I was really impressed with my six year old during this process as he scrambled the eggs himself and kept an eye on the mushrooms and mixing them around while I sorted the bacon. He was so very proud of his efforts, and proudly told his dad how he cooked the eggs and the mushrooms! The kids demolished a couple of mini wraps each and the grown ups had these with potato wedges. Everyone was rather happy!
Wraps (in our house the grown ups used normal-sized wraps and the children had a couple of mini wraps each)
Eggs (we used one for each person)
Mushrooms (we used about 50-60g as not everyone likes them in this house)
Bacon (we allowed 2 pieces per adult and 1 piece per child) or vegetarian sausages
Butter Frylight or margarine
Chop the mushrooms and put to one side.
Crack the eggs into a bowl and whisk (Seb called it this the ‘whizz mix’ which made me chuckle! Seb shows you how it is done in the video below.)
Put the bacon onto grill.
Spray a small saucepan with Butter Frylight and add the mushrooms to fry. Mix every so often to stop them sticking.
Spray another small saucepan or frying pan with Butter Frylight and pour the beaten eggs into it. As the egg starts to set, mix it all around until the egg is fully cooked.
Put the cooked mushrooms and scrambled eggs into individual little bowls with spoons to serve.
Cut up the grilled bacon and place in another bowl.
Give everyone a wrap on a plate and allow them to spoon in the fillings they want and roll up. If you are not eating them immediately, putting a cocktail stick in the keeps them wrapped.
And breathe. It is the weekend, the reward for the long working week (well only really if you work Monday-Friday). For our kids, Saturday morning is for playing in PJs with each other and me just letting them get on with it while I catch up with my blog, eat breakfast in peace and theoretically get some down time while they have fun and before we have to start thinking about homework and the day’s activities.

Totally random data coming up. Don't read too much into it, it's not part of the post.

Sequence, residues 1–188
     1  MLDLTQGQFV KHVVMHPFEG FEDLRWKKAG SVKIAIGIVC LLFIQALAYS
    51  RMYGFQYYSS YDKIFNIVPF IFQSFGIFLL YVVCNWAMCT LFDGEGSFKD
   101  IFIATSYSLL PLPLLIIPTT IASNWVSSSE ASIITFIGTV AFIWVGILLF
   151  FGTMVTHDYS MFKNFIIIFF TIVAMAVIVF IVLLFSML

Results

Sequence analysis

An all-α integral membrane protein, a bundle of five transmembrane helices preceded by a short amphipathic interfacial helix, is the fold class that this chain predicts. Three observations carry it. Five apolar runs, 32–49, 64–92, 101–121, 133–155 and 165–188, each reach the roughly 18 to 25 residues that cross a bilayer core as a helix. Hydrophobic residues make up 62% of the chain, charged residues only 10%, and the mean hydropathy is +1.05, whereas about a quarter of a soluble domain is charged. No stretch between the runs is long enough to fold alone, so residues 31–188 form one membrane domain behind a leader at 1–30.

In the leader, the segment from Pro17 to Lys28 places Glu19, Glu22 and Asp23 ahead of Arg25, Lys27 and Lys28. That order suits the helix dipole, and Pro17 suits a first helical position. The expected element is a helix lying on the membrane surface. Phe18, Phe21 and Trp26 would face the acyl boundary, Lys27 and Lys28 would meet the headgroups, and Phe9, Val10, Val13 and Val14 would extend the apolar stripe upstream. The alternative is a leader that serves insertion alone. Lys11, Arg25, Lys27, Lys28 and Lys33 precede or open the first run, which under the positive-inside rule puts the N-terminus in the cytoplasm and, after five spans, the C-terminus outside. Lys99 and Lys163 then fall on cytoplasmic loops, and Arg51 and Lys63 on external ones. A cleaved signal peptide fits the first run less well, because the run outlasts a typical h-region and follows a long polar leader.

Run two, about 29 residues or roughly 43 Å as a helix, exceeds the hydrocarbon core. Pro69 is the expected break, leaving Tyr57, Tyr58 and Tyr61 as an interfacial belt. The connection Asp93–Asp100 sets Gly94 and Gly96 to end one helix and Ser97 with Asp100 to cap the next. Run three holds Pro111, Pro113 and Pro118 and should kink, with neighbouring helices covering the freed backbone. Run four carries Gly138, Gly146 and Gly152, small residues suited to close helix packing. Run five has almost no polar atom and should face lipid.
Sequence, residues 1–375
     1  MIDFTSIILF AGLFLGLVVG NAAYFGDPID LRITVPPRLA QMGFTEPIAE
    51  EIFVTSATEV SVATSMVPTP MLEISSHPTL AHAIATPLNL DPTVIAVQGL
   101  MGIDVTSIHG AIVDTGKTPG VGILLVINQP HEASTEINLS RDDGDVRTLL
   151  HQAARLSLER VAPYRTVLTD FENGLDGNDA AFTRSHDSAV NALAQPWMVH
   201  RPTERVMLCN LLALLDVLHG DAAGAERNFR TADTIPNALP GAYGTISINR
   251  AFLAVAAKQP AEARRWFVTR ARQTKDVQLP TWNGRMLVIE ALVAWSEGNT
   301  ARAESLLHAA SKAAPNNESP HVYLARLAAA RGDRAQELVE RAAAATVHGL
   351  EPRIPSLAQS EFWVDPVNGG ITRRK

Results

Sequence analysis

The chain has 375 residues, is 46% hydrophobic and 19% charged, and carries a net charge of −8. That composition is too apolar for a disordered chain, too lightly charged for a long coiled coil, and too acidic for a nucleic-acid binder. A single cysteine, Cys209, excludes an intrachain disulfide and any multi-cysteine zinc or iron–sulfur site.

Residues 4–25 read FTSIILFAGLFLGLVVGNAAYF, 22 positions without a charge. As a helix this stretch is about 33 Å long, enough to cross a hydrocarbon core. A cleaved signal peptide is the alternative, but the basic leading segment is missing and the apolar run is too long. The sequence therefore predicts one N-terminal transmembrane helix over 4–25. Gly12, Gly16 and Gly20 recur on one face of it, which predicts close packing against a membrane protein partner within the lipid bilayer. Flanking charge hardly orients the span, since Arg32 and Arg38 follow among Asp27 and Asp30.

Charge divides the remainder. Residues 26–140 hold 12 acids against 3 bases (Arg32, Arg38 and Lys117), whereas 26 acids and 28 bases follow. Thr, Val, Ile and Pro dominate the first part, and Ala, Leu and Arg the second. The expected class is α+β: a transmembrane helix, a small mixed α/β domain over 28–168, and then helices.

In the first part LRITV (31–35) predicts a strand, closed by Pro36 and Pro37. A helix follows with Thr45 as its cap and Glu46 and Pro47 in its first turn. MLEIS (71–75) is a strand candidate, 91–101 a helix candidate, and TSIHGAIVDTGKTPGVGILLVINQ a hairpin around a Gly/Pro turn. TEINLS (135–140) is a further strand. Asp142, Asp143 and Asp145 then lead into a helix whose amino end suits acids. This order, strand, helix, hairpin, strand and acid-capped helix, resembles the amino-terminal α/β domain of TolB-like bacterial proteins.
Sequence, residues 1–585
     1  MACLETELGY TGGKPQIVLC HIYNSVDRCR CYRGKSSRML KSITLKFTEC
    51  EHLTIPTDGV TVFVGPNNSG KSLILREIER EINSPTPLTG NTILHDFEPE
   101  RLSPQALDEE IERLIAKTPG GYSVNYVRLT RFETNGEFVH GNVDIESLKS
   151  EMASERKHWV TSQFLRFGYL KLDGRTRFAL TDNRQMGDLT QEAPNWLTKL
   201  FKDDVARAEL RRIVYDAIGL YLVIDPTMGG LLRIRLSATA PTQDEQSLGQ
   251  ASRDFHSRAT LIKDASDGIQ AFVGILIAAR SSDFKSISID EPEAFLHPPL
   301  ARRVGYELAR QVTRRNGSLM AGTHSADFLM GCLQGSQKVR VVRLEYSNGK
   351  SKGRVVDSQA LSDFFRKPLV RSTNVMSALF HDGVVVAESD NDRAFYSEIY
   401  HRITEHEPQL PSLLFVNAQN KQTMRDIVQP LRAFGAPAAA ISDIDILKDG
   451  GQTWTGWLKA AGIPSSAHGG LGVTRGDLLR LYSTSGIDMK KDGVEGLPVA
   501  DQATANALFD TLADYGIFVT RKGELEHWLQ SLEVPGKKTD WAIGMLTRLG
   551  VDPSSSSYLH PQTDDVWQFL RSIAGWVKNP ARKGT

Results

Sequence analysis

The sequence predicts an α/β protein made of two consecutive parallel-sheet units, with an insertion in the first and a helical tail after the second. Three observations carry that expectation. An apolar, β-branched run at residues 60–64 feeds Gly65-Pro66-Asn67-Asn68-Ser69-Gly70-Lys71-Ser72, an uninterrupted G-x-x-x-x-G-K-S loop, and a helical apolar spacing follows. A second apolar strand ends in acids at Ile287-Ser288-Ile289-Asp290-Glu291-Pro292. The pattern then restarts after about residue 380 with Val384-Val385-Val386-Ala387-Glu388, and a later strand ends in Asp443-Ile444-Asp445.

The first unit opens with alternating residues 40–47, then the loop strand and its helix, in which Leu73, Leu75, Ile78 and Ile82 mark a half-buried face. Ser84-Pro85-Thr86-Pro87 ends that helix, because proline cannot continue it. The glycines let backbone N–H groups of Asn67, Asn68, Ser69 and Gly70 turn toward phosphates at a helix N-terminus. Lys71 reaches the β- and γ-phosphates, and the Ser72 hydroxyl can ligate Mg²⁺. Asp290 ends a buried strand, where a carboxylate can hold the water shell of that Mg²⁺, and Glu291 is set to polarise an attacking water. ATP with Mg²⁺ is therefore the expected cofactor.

Saturday morning is also the morning of experimenting in the kitchen in daddy’s absence. This morning was no exception. I haven’t had the chance to get in the kitchen with the kids much this week. But this morning, I managed to kickstart the day with breakfast kebabs. These involved chocolate cinnamon eggy bread, pears and blueberries. I don’t think I have ever seen Seb eat his breakfast so quickly!
It really is an easy breakfast which the kids enjoyed making. They could be cooked in a frying pan over the stove or grill them like we did. Ours were grilled on greased tin foil so we didn’t loose any blueberries! I would recommend using tinned pear or ripe pear as ours was still a bit firm so it was a bit of a challenge to thread onto the skewer. The boys did patiently achieve it, but I did have to do that bit for Ophelia.
To make 3 kebabs
Three slices of bread
1 ripe pear or half a tin of pears
A handful of blueberries (defrosted if frozen)
2 medium eggs
1tsp icing sugar
1tsp unsweetened cocoa powder
1/8tsp ground cinnamon
Honey to brush pear and blueberries with (this will give them a caramel flavour – it is optional though)
Three skewers, soaked in water for 5-10 mins
Cut the crusts off the bread and slice into 4 smaller squares.
Cut each of the 4 squares into 2 triangles (a diagonal cut).
Crack the eggs in a small bowl and whisk.
Add the icing sugar, cocoa powder and cinnamon and mix well.
Chop the pear into chunks. These need to be quite big.